sedentary people, as that is the biggest market for diet products. This means that, as a runner
or athlete, most diets aren't going to meet the nutritional needs your body has.
This article strives to help runners understand their bodies' needs & provide guidelines to allow individuals to make the best decisions about their personal needs in a diet.
Let's start with calories. There are a lot of misconceptions about calories. No adult (or teen for that matter), except those under a doctor's supervision, should
consume less than 1200 calories a day. That doesn't mean that Mr. "240 lb, 10 miles/week" should eat 1200 calories a day. The correct procedure is to use calorie calculators to find a range of calories for your average day.
Example 1: If Ms. "25 y/o,
5'5, 135 lbs, runs occasionally" looks at 3 calculators, her results might be 1829, 2166
& 2054. So, she should eat between 1830 & 2150 calories per day to maintain her weight. Since she wants to lose weight, she should eat 250 - 750 less calories per day, making her daily target calorie range 1200 - 1900.
Example 2: Mr. "35 y/o, 6'0,
200 lbs, runs daily" looks for his calorie range. His results might be 2982, 3242 & 3976. His range, then, is 3000 - 3900. This makes his daily target calorie range (for weight loss) 2250 - 3550. Remember, you should subtract no
more than 750 calories from your daily calorie range.
Obviously having a target
range gives more flexibility to a diet plan. Where there's more flexibility, there is usually less stress & less stress means the plan is easier to stick with. An important thing to know when considering calorie expenditures is to underestimate your activity level.
For whatever psychological reason,
humans tend to overestimate their activity level even when they feel they're being conservative. Light activity would includes
people who run for 30 minutes to 1 hour 2 to 4 times a week. Moderate activity includes
people who run 1 hour daily.
Also, when considering calories you need to realize that eating a large portion of your daily calories at a pizza buffet for lunch & then having a diet milkshake for dinner isn't going to help you lose weight. When you eat & what you eat matters as well as how many calories you consume, as we'll see when considering the 3 W's.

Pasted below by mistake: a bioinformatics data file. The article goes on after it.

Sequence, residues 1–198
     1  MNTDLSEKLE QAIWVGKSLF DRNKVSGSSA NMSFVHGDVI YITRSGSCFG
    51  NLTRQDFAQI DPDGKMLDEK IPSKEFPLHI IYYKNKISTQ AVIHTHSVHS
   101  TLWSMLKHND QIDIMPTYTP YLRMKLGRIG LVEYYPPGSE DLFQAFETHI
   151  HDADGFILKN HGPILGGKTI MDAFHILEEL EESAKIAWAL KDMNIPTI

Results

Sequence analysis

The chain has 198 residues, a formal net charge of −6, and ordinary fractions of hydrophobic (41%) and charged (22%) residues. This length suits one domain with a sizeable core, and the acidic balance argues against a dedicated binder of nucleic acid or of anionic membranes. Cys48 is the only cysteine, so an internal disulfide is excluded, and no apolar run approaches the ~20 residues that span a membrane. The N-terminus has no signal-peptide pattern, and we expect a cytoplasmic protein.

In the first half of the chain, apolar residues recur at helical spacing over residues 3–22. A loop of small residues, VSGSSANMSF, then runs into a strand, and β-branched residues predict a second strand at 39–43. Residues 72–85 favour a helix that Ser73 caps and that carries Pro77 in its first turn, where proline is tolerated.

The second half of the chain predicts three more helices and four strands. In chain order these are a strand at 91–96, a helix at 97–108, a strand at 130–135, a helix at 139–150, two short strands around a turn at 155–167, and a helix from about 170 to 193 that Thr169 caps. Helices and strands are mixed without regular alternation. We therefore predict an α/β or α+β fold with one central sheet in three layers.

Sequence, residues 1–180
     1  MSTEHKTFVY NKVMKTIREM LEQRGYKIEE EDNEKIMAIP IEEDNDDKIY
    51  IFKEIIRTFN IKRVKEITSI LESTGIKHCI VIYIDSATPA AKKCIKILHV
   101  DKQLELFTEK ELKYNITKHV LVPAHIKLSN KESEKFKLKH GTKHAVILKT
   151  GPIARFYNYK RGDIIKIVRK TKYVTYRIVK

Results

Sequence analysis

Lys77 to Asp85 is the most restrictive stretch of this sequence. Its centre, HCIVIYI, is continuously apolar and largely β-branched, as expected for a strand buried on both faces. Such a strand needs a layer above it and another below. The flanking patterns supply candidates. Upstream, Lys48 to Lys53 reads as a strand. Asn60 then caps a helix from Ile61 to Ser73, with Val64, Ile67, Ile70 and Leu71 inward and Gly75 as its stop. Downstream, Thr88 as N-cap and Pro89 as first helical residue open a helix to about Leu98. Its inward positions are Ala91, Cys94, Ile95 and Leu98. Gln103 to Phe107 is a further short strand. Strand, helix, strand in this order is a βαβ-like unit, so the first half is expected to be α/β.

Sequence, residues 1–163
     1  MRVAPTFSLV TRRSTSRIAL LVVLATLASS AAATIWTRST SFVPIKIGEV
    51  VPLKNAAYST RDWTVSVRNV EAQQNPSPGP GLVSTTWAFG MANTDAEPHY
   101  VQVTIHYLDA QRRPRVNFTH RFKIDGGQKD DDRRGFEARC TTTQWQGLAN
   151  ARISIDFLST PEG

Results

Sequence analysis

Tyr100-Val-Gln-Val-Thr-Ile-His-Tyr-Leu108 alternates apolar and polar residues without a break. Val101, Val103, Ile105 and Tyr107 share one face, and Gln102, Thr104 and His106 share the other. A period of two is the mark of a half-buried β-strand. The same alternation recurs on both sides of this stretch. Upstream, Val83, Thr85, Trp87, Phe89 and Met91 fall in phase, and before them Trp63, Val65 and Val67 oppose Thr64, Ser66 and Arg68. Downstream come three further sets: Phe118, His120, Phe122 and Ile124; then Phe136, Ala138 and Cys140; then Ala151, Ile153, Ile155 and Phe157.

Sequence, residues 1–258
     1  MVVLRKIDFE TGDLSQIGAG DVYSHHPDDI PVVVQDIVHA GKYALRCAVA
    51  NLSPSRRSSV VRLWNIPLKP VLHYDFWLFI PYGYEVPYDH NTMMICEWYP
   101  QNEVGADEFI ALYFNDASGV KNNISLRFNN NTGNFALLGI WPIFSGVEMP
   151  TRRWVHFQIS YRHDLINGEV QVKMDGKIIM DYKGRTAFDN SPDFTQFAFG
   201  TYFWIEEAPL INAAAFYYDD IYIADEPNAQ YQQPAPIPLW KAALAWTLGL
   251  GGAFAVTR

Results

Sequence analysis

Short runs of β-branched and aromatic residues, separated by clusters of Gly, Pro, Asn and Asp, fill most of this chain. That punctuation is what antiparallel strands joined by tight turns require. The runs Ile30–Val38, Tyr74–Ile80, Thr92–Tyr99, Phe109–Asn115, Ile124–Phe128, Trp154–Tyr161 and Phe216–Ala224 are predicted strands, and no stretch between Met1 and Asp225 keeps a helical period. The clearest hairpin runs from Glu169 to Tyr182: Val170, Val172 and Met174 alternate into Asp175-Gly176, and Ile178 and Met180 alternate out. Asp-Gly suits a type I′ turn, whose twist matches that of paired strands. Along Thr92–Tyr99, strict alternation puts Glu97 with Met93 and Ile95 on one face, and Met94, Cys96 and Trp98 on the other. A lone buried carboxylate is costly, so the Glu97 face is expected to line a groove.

A Guide for Runners: The 3 Ws
Three important questions for runners to ask themselves are
why (do you eat), when (should you eat), and what (should you eat).
Considering why you eat is a big part of controlling your intake.
The reason we should eat is to live. If you eat just because there is food, you may eat twice, or more, what you actually
need to consume. Eat to run, don't run in order to eat. Food is fuel. You've probably heard it before, but it is the way we
were built. We were built to take in food in order to provide our bodies energy and we need to realize this and allow it to
take part in how we look at food. No, you don't have to stop enjoying food or eating, but you do need to see food for what
it is: fuel for your body. (If emotional eating or other eating disorders are a problem for you, please seek help.
Millions of Americans have untreated eating disorders that harm
them more and more everyday. Even if you feel your problem is not serious, you may find that researching eating disorders
will give you a new perspective on your own problems.) Without proper fuel your body does not function at its best. The better
your body is fuelled, the better it feels and works. But just controlling how much you eat is not enough, you also need to
think about when your body needs refuelling.
Once you get a handle on some of your bad eating habits, like
emotional eating, and you see that food is fuel for your body, you can start to see how important it is to eat when you need
it most. It is unlikely that you would get very far in a car that had no gas and the same goes for your body. Of course, we
have a second tank on us, our fat stores, so it is unlikely that you would not be able to run at all if you haven't eaten.
However, your performance will not be the same because your body is having to work overtime to find fuel and is, thus, not
running or burning fat efficiently.
Our food also provides other needed nutrients (like oil and
coolant to a car) so even if you are still able to fuel yourself you may be missing important nutrients that help your body